[0077] In this instance, the duplicate master 805 therefore switches the state of a remote duplica 804 to the state of duplicate master at step 908, in effect delegating its master status to said remote duplica, in order to balance the resource load generated by the duplication manager 806 and duplicate master 805 between the local and remote sets of user terminal CPU resources. Thus, the main memory 304 of user terminal 101 stores the duplicate master 805 and an increasing plurality of duplicas 804, the state of any of which can also be switched to the state of duplicate master 805 according to load balancing instructions performed remotely. Said state change is transparent, i.e. the user 201 remains unaware of the state change of the duplicas stored in the main memory of user terminal 101.

[0078] Alternatively, if the main memory of the user terminal 101 which stores the duplicate master 905 becomes unavailable on the network 107, i.e. if the keep-alive procedures are breached by loss of connectivity, then the duplication manager performs fault recovery at step 907. Remote duplication managers 806 elect only one duplica 804 to become the duplicate master 805 and then switch the state of this remote duplica to the state of a duplicate master, ensuring that a single duplica amongst all identical duplicas present on a network takes over the responsibility of sharing and updating the data. As at step 908, the user remains unaware of the state change of the duplica stored in the main memory of the user terminal they operate.

[0079] The contents of the respective main memories 304 of each computer terminals show in FIGS. 1 to 3 for a given fluctuating bandwidth when PHBDR is implemented according to the invention are shown in FIG. 10.

[0080] FIG. 10

[0081] Whereas a server 103 was necessary to implement PHBDR according to the prior art and distribute shared objects in terms of variable data updates, the present invention dispenses with said server and, as previously explained, server 103 is now to be considered as any other computer terminal connected to network 107. In the example, computer terminal 101 is connected to the Internet 107 via ISP 104 and its user controls an aircraft 1001. According to the invention, said aircraft 1001 is initiated and stored as a duplicate master 805 according to steps 901 to 903. Computer terminals 102 and 103 are also connected to the Internet 107 via ISP 105 and 106 respectively, and their respective users each control an aircraft 1002, 1003 stored as stored as a duplicate master 805 in their respective main memories.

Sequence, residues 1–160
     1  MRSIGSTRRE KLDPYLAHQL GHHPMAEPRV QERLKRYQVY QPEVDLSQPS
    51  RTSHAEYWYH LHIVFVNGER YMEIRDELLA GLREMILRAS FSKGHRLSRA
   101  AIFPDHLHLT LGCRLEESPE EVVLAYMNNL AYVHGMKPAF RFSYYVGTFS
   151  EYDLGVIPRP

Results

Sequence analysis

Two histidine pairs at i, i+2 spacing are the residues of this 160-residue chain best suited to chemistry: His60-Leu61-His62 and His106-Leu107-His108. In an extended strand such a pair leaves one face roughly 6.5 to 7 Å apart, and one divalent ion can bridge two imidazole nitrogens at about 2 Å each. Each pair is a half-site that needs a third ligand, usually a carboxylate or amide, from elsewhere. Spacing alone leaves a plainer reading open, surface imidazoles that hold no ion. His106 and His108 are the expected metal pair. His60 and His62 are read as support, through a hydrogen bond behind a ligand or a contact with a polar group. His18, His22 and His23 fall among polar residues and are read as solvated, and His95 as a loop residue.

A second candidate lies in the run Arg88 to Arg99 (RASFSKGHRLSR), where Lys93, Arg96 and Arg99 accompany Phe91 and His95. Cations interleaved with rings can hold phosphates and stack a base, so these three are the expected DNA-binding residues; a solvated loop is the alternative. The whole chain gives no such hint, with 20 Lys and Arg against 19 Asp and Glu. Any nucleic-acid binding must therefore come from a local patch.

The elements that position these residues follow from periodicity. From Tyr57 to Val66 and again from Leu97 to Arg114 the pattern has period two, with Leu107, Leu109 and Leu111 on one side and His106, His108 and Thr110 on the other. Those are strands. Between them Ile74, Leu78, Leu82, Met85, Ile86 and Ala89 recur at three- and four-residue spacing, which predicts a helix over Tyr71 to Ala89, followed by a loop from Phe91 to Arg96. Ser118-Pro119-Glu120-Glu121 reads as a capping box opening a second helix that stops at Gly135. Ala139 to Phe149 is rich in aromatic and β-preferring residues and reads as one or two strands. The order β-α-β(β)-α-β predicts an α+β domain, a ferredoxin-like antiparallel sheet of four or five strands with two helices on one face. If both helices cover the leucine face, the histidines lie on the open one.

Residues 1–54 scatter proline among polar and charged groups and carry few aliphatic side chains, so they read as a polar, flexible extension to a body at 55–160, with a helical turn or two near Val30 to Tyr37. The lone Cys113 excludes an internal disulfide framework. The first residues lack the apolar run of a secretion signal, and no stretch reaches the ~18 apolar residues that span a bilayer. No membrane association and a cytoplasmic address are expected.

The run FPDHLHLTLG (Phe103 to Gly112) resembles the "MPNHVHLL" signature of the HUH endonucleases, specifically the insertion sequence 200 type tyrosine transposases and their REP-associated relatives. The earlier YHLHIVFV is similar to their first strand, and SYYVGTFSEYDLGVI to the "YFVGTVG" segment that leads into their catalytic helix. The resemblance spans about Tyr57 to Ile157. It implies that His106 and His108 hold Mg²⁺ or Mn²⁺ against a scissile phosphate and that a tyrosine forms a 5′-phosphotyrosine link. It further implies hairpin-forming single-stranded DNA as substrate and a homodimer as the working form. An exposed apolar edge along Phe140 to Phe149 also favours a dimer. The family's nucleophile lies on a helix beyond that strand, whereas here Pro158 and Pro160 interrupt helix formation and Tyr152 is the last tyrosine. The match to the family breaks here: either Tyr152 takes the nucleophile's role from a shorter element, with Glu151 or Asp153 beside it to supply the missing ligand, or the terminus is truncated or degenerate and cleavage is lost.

[0082] If computer terminals 102 and 103 are logged onto the network 107 before computer terminal 101, upon the computer terminal 101 logging onto said network 107, its aircraft object 1001 is instantiated as a remote shared object 1004 at each computer terminal 102 and 103 wherein it is stored as a duplica 804, according to steps 904 and 905. Similarly, if computer terminals 101 and 103 are logged onto the network 107 before computer terminal 102, upon the computer terminal 102 logging onto the network 107, its aircraft object 1002 is instantiated as a remote shared object 1005 at each computer terminal 102 and 103 wherein it is stored as a duplica 804, and likewise for aircraft object 1003 of computer terminal 103 instantiated as a remote shared object 1006 if computer terminals 101 and 102 are logged onto the network 107 before computer terminal 103.